Moody As It Was in the Beginning
By Hazel Potter
The Perry Hills which are located about two miles north of Moody was the stopping place in 1851 for a group of hard pioneers from Tennessee. Among that group was Joseph Naler who became one of the leading settlers in the Moody area. They were greeted by war-whoops of the Comanche Indians, rifle fire, great herds of wild buffalo, and many professional cattle thieves. Life was hard in those days and loneliness was one of the greatest tests of that the women, especially, had to endure.
It must have been a source of great joy to those settlers when they were joined a year later by a wagon train of people from Illinois led by William and Joel Hancock who had scanned the Brazos for several days and finally chose to make their home in the same location. There was new hope that these people were bringing news from loved ones in Illinois, Kentucky, and Missouri. By standing on the Perry Hills and looking westward they could look into Coryell County and smell the scent of burning cedar as other settlers prepared their evening meals.
These two groups joined forces and prepared to build a settlement and name it Perry after the county in Illinois from which they had come. There is also suggestion that they wanted to honor their attorney, Albert G. Perry, who had been in Texas since 1831. For a few weeks the families lived out of their prairie schooners while the men scouted the land for the best claims. While spreading out toward the west, they were more than surprised when the hills dropped abruptly into a wide valley covered with a lush grass high enough to hide the smaller animals. Beyond, they could see a line of dark green indicating that there was a river some six miles farther west giving them the assurance that everything they needed to build their village would be available.
Wild horses roamed the wide expanse of tall grass while herds of buffalo made way for the white man. The cattle thieves caused the settlers as much or more sorrow and trouble than the Indians. The nearest place for supplies was Waco, a small settlement on the Brazos River several miles to the north. However, most of the big hauling was done from the gulf coast region.
The pleasant surroundings of the little settlement continued to attract travelers, and the population grew rapidly during the next few years. By the time the 1860 census was taken in June there were 233 person enumerated. Added to the names of Naler and Hancock were Goucher, Ogden, Wood, Myers, Fifer, Shanklin, Knowles, Leach, Cook, white, Hartgrave, McClain, Skinner, Nailor, Blair, Nailer, Minch, Clement, Jones, Stubblefield, McCartney, Carter, Britton, Fosher, Rose, Taylor, Master, Long, Carpenter, Cooper, and following laborers and stock drivers; Ellington, Hodge, Hensley, McCorkle, Temple, Conrad, Bevans, Rogers, Hamilton, Horner, and Dodson. By this time the village had grown until it had a general store, a school, a church, a cemetery, and probably a grist mill. All of them were surrounded by log and box-board houses.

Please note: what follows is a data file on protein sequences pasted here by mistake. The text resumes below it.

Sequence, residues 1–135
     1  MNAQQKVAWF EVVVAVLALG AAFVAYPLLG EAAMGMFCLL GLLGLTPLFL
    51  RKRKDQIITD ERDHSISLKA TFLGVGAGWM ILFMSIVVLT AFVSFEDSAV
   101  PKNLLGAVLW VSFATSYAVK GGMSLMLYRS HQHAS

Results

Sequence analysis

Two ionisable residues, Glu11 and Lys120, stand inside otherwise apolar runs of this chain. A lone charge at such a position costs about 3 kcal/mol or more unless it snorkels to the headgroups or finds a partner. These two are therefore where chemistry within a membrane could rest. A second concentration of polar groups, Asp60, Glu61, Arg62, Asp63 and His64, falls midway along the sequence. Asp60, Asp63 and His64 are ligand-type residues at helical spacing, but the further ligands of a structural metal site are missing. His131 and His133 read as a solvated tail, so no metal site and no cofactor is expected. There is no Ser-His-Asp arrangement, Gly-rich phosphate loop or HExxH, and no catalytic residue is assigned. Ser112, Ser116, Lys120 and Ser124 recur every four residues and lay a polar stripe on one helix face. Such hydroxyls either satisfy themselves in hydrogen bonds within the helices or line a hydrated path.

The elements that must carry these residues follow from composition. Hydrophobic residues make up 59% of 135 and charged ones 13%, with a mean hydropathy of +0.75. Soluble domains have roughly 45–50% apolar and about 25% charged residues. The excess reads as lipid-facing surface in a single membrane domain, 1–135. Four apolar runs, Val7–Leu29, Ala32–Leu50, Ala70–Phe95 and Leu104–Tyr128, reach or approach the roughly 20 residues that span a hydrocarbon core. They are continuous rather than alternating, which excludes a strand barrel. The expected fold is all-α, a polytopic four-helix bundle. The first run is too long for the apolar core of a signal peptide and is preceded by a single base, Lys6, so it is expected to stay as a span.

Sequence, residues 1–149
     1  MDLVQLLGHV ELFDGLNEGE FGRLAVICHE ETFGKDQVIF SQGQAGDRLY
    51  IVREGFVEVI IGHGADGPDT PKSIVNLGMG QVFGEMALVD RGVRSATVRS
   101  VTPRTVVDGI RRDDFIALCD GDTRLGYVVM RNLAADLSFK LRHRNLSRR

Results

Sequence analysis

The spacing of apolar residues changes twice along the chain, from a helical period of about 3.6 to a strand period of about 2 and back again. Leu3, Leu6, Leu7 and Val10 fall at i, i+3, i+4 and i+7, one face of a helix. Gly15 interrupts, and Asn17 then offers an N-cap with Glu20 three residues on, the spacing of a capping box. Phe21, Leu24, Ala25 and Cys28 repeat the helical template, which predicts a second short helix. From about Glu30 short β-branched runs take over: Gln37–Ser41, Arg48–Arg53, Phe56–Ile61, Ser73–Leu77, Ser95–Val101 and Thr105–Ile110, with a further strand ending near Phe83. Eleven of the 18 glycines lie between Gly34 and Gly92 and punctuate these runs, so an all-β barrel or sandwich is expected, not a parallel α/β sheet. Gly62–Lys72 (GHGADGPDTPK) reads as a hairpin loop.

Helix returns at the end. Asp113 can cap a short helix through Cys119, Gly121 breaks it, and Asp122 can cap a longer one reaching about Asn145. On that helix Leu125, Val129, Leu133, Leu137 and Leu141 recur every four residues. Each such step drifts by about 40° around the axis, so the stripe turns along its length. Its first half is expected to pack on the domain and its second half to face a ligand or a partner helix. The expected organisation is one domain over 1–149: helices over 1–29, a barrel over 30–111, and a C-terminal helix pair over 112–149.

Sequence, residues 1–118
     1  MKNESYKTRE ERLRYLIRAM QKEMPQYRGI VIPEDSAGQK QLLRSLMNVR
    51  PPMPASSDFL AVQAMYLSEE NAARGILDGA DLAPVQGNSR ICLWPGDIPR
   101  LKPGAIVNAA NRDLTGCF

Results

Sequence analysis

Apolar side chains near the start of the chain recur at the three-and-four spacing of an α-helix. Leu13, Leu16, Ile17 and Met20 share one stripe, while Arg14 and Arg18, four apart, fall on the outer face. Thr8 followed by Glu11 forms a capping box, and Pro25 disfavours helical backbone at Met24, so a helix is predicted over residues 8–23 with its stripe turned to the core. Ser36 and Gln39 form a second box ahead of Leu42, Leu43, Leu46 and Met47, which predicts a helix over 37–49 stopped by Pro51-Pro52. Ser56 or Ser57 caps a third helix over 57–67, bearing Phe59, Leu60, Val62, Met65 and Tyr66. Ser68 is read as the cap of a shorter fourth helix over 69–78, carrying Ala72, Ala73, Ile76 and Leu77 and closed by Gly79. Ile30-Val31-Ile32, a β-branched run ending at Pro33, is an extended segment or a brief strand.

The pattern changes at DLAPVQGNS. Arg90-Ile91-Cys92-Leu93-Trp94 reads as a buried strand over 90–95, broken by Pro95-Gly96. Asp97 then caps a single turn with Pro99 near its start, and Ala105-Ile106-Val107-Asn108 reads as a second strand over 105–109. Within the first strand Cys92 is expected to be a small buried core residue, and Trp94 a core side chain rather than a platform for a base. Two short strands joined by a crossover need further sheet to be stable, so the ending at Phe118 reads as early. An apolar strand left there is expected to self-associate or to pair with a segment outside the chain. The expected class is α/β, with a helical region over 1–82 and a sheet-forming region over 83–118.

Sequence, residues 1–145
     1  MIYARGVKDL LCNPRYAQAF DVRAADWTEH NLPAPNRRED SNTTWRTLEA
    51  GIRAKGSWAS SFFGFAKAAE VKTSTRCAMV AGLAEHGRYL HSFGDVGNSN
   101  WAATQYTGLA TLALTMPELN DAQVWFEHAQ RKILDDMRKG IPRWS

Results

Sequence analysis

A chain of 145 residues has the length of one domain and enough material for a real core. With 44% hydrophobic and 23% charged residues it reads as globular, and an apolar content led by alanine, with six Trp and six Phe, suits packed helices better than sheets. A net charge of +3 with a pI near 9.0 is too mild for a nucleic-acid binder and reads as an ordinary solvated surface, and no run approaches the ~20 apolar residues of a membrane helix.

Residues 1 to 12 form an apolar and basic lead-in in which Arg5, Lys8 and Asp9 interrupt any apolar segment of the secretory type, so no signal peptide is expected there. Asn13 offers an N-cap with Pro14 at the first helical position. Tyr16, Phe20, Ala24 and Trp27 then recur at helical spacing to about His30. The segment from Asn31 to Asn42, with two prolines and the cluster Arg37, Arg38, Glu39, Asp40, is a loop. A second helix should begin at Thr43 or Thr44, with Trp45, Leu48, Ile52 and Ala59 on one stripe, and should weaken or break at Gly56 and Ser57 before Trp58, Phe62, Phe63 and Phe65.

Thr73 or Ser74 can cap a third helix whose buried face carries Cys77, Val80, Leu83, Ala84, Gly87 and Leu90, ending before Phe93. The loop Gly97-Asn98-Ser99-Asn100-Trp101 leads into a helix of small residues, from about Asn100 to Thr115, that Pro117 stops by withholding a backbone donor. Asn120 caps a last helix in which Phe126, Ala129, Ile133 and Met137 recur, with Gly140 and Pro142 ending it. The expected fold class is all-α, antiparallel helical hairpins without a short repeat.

The cemetery still occupies a prominent place where once stood a thriving community and is supported by those people who have loved ones buried there and by those who want to see it preserved. In 1854, Miss Jane Leach agreed to teach the new school if some of the men who usually sat around Dan McClain's General Store would promise to be available when she needed help with the discipline of the older boys. She died of pneumonia at the close of her first year and was the first one buried in the cemetery. Her burial plot was marked by a rock cairns to protect it from marauding wolves and other preying animals. No permanent marker was ever placed at her grave site.
During these years neighbors watched out for neighbors especially to warn them of Comanche raids. They had to make plans and decide what action they would take in case of a raid. Most of the time they chose to remain in their own settlement because the nearest refuge was Neil McLennan's fortified cabin on the Bosque. Fort Gates in Coryell County was 21 miles away. The women kept their guns loaded and easily available, sometimes leaning against a wheel of their wagon or tucked away under the bedding. They were all taught to use them in an emergency. Since ammunition was scarce, they were very discriminate it its use. Many times their pewter plates were melted down and the metal poured into molds for bullets. every crack of a limb or snap of dried leaves was a signal to be on guard during the night; and the sound of horses hooves in the early morning hours brought the family members to their feet. Many times it would have been more comforting for the women had they lived near Fort Gates.
In 1873 the Perry Community was hit by a destructive storm. Most of the homes and businesses were destroyed so the settlement relocated two miles east and called it New Perry. When the Santa Fe rail lines were completed in 1881 the settlement moved closer to the railroad and formed what is now Moody.